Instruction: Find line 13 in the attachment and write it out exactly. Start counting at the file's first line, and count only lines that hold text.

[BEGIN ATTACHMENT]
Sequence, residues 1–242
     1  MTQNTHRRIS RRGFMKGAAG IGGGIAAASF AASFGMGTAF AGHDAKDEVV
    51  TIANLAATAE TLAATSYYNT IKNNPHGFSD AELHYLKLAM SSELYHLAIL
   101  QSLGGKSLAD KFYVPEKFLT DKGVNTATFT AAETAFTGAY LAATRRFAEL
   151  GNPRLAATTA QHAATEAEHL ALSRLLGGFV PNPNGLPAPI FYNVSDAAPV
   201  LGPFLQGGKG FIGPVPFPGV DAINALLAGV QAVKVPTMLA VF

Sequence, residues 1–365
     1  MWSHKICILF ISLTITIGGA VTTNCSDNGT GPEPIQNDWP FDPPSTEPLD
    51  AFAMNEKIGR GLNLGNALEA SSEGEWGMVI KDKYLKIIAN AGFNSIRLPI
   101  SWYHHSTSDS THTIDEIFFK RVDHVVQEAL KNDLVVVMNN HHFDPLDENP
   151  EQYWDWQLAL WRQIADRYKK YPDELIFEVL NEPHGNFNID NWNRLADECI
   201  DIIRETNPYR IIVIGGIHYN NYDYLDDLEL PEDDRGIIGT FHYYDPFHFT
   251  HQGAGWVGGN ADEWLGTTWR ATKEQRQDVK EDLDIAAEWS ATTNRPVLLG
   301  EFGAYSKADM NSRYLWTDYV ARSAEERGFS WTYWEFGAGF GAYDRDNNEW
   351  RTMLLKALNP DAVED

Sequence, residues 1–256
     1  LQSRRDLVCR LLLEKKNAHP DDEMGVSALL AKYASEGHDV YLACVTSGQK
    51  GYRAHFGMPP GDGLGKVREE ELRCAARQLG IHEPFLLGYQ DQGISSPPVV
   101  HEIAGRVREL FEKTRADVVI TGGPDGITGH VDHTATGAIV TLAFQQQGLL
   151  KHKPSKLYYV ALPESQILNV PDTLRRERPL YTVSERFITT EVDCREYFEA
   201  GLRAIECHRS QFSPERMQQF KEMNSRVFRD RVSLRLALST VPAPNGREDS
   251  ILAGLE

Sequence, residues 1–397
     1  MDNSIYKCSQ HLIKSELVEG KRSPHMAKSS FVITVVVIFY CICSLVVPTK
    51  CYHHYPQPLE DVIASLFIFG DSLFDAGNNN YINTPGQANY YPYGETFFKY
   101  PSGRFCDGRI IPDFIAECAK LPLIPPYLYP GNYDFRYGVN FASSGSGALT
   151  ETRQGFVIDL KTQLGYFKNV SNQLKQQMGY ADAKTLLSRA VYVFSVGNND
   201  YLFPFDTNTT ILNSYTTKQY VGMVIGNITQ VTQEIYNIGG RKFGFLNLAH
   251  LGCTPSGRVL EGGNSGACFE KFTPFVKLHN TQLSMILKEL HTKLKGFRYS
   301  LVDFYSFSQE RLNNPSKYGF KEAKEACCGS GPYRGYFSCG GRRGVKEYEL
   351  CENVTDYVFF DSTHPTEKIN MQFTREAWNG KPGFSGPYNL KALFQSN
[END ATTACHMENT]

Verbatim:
   251  HQGAGWVGGN ADEWLGTTWR ATKEQRQDVK EDLDIAAEWS ATTNRPVLLG